But I also remember the few times I was unfortunate enough to hear inappropriate noise. These memories stick with me, and in them I do not hear the music, though I wish to. Instead of the Boston Pops performance, I hear incessantly rustling pants; I hear whispers about whether or not the theater staff intend to move the piano off the stage after the concert; and I hear those few, loud claps, that start out forceful and then grow hushed in embarrassment until the sound of them is overpowered by the uncomfortable creaking of the performers shifting in their chairs, the clapping that begins before the musicians had even lowered their instruments, between the first, rollicking movement and the second, sorrowful one. I hate those memories. The entire performance was ruined by someone who didn't know any better. Even being aware of this naivete does not improve my mood on the subject.
Perhaps I am too selfish. I could stand to be more gracious, I'm certain of that. But, both as a performer and as an observer, noise at an inappropriate time during a concert is not only jarring, it is completely disrupting, and not just for those who are trying to enjoy the music, but for my memory formation as well. I will forever be left with one memory of the performance, and it is either a beautiful memory of the music itself, or an ugly memory of noise.
Personally, I prefer the music.

Tuesday, July 7, 2009

Ever West

I took advantage of my last day here in Colorado (I do not know when I will return next); in my car, the soundtrack to Spirit at full volume, I drove, free, ever west, chasing down the sunset. The music would crescendo as I crested a hill, sweeping and propelling me onward. Just as the last color of the disappearing circle of the sun dropped behind the purple mountains, the theme slowed, right on cue. The lyrics pull at my heartstrings as I turn and drive east, the sky on fire with the remaining light. The rush of cool, crisp air whipped in my open window and tousled my hair, carrying with it the scent of grasses and dry earth. You will be sorely missed, Colorado, have no doubt. The last song played as I returned to my parents' home, wistful and hopeful, speaking my inner desires both to stay and to go. There is something strong that calls to me from across the ocean, but the pull of home is relentless. I cannot fully describe how I feel. All I know is that I do feel, something powerful and fierce and alive.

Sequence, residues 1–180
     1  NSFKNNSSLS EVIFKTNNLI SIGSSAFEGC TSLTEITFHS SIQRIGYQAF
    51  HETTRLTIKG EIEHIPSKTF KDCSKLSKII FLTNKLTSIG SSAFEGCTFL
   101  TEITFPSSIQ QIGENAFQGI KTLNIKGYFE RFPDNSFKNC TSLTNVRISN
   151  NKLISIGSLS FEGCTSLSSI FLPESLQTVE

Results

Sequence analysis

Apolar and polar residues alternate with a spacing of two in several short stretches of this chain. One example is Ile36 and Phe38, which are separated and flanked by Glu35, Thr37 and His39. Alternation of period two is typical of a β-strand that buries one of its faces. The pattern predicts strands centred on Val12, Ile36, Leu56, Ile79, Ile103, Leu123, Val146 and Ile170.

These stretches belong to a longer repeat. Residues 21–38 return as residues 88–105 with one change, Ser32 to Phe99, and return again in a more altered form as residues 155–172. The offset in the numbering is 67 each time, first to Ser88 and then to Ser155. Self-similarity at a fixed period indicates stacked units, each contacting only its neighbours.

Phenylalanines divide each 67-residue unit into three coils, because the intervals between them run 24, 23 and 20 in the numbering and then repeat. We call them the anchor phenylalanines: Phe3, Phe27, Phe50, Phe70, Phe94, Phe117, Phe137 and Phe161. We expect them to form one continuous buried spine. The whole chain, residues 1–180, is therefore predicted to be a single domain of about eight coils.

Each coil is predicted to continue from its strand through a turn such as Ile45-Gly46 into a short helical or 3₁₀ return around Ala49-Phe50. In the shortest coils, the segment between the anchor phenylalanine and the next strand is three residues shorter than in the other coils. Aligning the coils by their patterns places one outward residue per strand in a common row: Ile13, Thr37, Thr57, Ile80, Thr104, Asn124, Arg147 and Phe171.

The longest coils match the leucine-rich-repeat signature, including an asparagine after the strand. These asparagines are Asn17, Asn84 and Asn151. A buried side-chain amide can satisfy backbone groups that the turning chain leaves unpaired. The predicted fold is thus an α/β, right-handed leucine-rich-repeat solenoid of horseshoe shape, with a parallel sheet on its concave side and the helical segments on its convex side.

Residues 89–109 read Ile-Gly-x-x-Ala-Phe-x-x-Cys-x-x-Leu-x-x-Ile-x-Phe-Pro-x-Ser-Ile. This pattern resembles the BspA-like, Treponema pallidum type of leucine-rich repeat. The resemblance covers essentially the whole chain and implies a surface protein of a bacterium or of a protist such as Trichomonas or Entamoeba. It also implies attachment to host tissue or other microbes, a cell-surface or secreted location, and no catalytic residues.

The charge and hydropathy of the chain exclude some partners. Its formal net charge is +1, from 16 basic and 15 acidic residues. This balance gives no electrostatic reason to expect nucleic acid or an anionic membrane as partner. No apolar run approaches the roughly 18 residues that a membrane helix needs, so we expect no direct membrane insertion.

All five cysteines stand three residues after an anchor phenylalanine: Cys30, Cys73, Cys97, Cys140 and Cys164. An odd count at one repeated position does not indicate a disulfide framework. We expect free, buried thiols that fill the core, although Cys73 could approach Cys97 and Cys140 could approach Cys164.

I hear the wind call my name
A sound that leads me home again
It sparks up the fire, a flame that still burns
To you I will always return

Under the starry sky
Where eagles have flown
This place is paradise
It's the place I call home

I know the road is long
But where you are is home
Wherever you stay
I'll find a way
I'll run like the river, I'll follow the sun
I'll fly like an eagle to where I belong

Can't stand the distance
I can't dream alone
I can't wait to see you
Yes, I'm on my way home

Now I know it's true
My every road leads to you
And in the hour of darkness
Your light gets me through

You run like the river, you shine like the sun
You fly like an eagle, yeah
You are the one
I've seen every sunset
And with all that I've learned
It's to you
I will always

Sunday, July 5, 2009


It has been a picture-perfect early summer day. The air is fresh and smells of newly cut grass and two-stroke engine fuel, and a cool breeze tickles the leaves on the neighborhood cottonwoods. Airbrushed cumulus soften the unending blue of the sky. It is the kind of day to let the cats outside so they can chase bugs across the lawn; the kind of day a blanket on the grass and a good book sounds most appealing; the kind of day that begs for a picnic by the lake.
And so I wonder why I am sitting inside, when the world calls.